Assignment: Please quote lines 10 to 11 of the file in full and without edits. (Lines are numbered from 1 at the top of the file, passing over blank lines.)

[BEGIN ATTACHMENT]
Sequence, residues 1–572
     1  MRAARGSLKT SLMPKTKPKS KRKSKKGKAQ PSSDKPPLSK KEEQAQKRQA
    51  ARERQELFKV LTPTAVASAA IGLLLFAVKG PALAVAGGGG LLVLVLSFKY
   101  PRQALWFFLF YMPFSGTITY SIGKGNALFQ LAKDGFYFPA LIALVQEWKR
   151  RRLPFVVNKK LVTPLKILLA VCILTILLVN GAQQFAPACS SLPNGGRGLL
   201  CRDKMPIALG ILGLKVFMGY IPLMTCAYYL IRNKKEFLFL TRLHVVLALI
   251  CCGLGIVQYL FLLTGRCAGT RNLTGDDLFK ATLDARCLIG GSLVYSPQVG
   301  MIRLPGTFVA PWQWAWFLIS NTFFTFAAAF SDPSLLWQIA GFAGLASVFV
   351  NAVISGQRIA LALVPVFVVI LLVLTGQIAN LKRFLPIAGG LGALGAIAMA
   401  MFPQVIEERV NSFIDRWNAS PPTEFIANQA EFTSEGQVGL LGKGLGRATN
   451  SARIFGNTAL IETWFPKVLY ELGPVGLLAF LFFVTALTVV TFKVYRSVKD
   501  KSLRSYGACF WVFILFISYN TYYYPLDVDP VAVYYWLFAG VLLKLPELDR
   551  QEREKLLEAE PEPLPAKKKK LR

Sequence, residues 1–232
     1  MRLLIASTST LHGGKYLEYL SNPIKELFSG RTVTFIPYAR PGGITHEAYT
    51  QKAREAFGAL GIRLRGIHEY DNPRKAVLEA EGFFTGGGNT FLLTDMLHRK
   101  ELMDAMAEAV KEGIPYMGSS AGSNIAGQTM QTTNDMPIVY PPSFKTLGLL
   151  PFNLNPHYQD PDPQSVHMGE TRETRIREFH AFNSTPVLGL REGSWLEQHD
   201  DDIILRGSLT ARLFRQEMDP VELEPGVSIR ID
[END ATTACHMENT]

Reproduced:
   401  MFPQVIEERV NSFIDRWNAS PPTEFIANQA EFTSEGQVGL LGKGLGRATN
   451  SARIFGNTAL IETWFPKVLY ELGPVGLLAF LFFVTALTVV TFKVYRSVKD